Alien Breed: Evolution Review

By Published May 30, 2010 at 1:43 am
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Massive space ships flooded with aliens? We've done it in Diablo's Dungeons, Doom's eerie turns, and even against Halo's Flood. What makes this different?

It’s a busy day in an arcade when a modern gaming company ventures into isometric shooting territory. Team 17 is that team, and our consoles are the arcades. Alien Breed is meant to be an episodic shooting campaign, story arcs included. Evolution is the first episode in that series, and while it takes some getting used to the isometric gameplay, old memories rapidly come back and make Alien Breed feel like home.


Alien Breed’s gameplay can be summed up in a sentence: you have no clue what may be lurking around the next turn, but just a couple more steps and you might see… Aaauugh! It was like watching Alien for the first time, needing a change of pants every couple of steps (speaking on your behalf, not mine).

Most immediately you will notice the comic book-styled cut-scenes, and like I said in my review of inFamous, I can't get enough of these. There was a time when I used to pick up a game just because it had full CG cut-scenes. Now that 90% of them do, it's refreshing to see the standard broken by a risk-taking indie group. Of course, these are only cut-scenes; the eerie ambience and it’s a trap-like nature of Alien Breed: Evolution forces the player into an abnormal sense of apprehension. You stop trusting everything, and for good reason. The whole game is reminiscent of Diablo and Doom – monsters wait in the shadows, launching on you when you are most vulnerable; the left mouse button starts sticking, and your only friend is your gun. Camera angles deliberately up-the-ante by making it difficult to determine what is approaching, adding to suspense and imposing that ‘just a little closer’ sensation, which is when they get you. Sneak buggers, those aliens.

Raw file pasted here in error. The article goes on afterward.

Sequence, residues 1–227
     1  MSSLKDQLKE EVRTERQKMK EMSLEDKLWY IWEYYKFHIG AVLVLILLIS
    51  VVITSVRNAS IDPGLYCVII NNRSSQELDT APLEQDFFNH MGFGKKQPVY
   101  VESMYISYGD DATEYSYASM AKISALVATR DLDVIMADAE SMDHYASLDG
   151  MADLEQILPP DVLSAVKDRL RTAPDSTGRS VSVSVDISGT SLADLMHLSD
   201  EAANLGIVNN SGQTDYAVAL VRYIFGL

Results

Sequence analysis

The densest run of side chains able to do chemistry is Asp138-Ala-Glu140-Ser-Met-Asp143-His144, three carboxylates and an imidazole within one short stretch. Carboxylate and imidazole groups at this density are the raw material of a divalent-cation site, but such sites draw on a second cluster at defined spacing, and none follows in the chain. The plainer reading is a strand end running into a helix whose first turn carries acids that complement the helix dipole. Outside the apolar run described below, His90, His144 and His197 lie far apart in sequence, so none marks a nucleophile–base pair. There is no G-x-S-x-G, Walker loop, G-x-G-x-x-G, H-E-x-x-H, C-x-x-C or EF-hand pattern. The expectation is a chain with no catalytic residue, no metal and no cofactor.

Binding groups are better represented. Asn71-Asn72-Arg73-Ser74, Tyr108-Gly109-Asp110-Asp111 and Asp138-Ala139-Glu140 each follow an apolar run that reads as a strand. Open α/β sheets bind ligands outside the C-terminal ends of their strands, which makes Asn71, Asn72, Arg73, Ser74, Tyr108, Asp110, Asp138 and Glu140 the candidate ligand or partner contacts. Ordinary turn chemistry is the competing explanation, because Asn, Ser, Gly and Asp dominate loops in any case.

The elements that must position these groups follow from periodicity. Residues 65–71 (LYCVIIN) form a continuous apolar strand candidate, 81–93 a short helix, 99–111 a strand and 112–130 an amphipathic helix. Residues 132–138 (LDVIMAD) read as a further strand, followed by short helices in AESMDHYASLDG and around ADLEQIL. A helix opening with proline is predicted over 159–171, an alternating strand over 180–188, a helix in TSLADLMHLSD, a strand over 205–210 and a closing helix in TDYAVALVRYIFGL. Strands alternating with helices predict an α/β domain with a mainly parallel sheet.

Never have I checked my radar so often in any game. Blips flash up on the screen, prompting a furious spray of bullets into the extremities of the ship. Ammo reserves and health dwindle as you progress through the level. A delicate balance hangs in the ether as you learn the necessity of conserving ammo, but being too conservative will result in a nasty lesson in alien table-manners.

As with most games of its nature, Alien Breed: Evolution clicks into an inevitably repetitive cycle. Covering ground you’ve seen before, regardless of the good reasons to backtrack, ages quickly. Admittedly, backtracking is preferable to the course of action taken by Dead Space and Doom 3, where entire sections of the ship were copied and pasted. Besides, the mini-map quickly re-orients any lost souls and gets you back on track. An interesting mechanic to the game’s back-bone is the ship. It almost feels like a supporting character in its own right. It has a mood and personality of its own, and after becoming familiar with her, you can navigate her from end-to-end without any help at all.

Alien Breed: Evolution – Episode 1 is everything a small downloadable game should be. It’s concise and addictive as. The whole point of episodic games is to get you foaming at the mouth for the next episodes. This certainly did that for me, I can't wait, I can only hope that Team 17 learns from Valve's mistakes and releases new episodes on a regular basis. Half Life 2: Episode 3, anyone?

Last modified on May 30, 2010 at 1:43 am

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